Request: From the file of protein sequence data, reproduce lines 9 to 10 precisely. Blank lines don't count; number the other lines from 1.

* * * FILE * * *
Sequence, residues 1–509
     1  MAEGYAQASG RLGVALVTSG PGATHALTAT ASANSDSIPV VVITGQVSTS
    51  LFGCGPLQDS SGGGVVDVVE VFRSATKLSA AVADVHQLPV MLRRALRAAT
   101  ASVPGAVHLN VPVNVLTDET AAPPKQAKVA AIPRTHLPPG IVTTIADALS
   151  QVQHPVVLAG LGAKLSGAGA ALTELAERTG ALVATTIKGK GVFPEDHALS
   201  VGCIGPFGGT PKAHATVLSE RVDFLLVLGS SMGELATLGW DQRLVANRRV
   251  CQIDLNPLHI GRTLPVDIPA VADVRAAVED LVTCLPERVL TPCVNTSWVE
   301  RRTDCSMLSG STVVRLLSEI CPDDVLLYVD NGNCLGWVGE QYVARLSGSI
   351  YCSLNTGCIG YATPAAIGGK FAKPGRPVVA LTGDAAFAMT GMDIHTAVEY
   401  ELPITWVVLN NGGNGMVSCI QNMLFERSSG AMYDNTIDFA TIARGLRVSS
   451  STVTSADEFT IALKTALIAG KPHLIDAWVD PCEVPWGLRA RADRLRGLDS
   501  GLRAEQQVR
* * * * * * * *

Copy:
   351  YCSLNTGCIG YATPAAIGGK FAKPGRPVVA LTGDAAFAMT GMDIHTAVEY
   401  ELPITWVVLN NGGNGMVSCI QNMLFERSSG AMYDNTIDFA TIARGLRVSS